Today we read the story of Thomas (John 20:19-31). He gets a fairly bad rap in the overall scheme of things. ‘Doubting Thomas’ is the label with which he has been stuck. The criticism for his failure to accept the story straight away is easily on our lips. Yet I wonder how any of us would have fared in the same situation. When something seems incredible to us, we may all respond with doubt, at least initially. Actually, I think we have a lot to thank Thomas for. What he presented was healthy scepticism. He recognised that there were gaps in the story. He wanted to be sure before he could trust himself and his reactions to a story that clearly made a huge difference to his life.

Certainly, John the writer of today’s Gospel knew that. Writing near the end of the first century, he was addressing people who had never seen or heard Jesus in the flesh. The stories they heard were second or even third hand. John’s problem, which is a continuing problem for the church, was how to encourage people in the faith when Jesus was no longer around to be seen and touched. The story of Thomas gave him an excellent way to do that. By focusing on the apostle’s doubt, John takes the words out of our mouths and puts them in Thomas’ instead, so that each of us has the opportunity to think about how we do, or do not come to believe.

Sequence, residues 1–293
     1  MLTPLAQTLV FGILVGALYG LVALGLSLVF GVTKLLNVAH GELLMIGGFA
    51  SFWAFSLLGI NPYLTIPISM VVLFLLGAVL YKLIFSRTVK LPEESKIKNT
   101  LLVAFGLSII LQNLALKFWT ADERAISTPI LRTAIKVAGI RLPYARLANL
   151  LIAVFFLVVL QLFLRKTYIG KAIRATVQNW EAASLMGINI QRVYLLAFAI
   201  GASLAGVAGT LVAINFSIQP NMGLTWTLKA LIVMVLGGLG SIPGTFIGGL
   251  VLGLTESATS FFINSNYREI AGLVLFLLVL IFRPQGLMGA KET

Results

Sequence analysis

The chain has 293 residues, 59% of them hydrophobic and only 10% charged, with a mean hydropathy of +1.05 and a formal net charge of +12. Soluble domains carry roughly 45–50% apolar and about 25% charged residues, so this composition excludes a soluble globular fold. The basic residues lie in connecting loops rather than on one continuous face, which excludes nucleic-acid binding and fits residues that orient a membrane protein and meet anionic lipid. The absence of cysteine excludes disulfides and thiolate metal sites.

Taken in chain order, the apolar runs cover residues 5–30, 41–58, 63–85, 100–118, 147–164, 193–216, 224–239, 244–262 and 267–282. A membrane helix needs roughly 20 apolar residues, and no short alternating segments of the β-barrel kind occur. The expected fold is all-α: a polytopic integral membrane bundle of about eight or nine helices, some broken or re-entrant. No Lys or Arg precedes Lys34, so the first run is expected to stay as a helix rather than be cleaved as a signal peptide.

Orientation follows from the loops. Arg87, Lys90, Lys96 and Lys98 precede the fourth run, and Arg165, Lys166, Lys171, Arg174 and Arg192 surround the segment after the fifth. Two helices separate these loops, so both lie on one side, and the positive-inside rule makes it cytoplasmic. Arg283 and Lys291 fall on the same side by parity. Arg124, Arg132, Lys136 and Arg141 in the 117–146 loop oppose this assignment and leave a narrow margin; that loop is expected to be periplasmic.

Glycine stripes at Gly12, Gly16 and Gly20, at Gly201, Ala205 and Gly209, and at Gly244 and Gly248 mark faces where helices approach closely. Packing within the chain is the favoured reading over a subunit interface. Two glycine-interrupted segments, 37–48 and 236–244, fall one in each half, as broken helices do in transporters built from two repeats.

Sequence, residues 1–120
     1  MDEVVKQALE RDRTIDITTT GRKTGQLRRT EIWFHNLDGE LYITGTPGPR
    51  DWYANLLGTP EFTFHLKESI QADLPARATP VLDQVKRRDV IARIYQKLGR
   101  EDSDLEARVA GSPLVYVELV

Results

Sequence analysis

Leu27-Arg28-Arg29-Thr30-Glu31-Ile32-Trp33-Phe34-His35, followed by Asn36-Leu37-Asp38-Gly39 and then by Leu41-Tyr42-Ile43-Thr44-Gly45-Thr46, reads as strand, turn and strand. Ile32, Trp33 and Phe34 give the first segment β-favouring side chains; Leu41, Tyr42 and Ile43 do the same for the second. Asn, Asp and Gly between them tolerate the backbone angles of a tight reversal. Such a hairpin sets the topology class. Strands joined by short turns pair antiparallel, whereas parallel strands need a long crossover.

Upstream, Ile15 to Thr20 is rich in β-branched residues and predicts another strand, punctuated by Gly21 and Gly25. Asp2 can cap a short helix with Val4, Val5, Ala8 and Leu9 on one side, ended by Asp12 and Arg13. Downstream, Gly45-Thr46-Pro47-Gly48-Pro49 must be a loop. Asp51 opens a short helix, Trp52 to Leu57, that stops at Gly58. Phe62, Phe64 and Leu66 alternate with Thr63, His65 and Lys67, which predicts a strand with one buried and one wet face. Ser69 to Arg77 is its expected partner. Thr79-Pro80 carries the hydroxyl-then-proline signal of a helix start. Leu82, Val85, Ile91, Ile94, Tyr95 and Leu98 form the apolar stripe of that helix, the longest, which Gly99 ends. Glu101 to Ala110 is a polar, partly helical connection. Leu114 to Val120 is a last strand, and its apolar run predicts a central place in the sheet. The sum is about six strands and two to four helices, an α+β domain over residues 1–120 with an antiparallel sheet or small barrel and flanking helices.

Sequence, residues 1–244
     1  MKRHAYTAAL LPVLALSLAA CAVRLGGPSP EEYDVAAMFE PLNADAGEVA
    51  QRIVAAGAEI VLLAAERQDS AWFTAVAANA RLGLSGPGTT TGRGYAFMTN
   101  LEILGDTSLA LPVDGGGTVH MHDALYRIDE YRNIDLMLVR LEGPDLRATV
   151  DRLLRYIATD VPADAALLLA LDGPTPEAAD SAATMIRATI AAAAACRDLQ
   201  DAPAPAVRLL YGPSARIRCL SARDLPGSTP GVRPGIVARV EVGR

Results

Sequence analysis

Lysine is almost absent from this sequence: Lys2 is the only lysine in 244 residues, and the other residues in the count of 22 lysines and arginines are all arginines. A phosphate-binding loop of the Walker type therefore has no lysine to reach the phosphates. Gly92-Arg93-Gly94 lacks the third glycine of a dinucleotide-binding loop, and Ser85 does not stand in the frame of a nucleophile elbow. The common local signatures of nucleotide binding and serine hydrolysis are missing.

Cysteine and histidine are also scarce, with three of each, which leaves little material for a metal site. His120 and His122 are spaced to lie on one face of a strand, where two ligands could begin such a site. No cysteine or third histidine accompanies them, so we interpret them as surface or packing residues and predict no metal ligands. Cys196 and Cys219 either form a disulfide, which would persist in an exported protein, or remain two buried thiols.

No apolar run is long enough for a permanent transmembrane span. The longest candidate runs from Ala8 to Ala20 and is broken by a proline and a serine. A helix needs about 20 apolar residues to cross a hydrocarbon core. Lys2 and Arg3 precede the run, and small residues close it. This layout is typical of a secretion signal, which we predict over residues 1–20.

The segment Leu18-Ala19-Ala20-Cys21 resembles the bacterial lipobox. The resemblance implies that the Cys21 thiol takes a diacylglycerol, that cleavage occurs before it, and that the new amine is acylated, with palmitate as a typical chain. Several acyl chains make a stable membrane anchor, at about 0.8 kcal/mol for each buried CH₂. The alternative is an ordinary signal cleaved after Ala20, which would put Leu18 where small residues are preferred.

In John Irvings novel, A Prayer for Owen Meany, the narrator John has a number of conversations with his friend Owen Meany about the meaning of belief. In one scene at the schoolyard, Owen illustrates his faith in God by pointing to a gray granite statue of Mary Magdalene as twilight falls. When it has become so dark that the statue is no longer visible, Owen asks John if he knows that the statue is still there. John says that of course he knows. Owen keeps pushing:

You have no doubt she’s there, Owen nagged at me.

“Of course, I have no doubt’’ I said.

“But you can’t see her’’ you could be wrong, he said.

“No, I’m not wrong she is there, I know she’s there!” I yelled at him.